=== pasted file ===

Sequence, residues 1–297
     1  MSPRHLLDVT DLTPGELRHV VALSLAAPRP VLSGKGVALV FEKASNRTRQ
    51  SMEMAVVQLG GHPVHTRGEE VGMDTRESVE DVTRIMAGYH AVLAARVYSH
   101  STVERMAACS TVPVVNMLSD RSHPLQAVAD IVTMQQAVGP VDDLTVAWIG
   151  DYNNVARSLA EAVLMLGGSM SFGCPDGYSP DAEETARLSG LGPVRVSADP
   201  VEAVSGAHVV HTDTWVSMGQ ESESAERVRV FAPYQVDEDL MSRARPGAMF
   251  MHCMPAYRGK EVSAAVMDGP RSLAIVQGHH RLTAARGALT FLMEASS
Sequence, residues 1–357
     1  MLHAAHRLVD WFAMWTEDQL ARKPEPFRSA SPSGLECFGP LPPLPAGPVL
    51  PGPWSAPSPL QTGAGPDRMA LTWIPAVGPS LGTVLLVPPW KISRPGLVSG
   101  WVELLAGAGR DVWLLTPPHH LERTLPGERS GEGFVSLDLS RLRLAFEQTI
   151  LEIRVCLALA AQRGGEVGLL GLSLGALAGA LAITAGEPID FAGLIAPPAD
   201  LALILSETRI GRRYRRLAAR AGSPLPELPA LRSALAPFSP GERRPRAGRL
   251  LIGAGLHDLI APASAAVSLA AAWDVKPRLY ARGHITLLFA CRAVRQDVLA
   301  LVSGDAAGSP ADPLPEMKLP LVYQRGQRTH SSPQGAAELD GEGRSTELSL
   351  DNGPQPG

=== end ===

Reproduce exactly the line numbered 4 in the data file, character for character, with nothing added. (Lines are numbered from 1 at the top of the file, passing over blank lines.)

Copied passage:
   101  STVERMAACS TVPVVNMLSD RSHPLQAVAD IVTMQQAVGP VDDLTVAWIG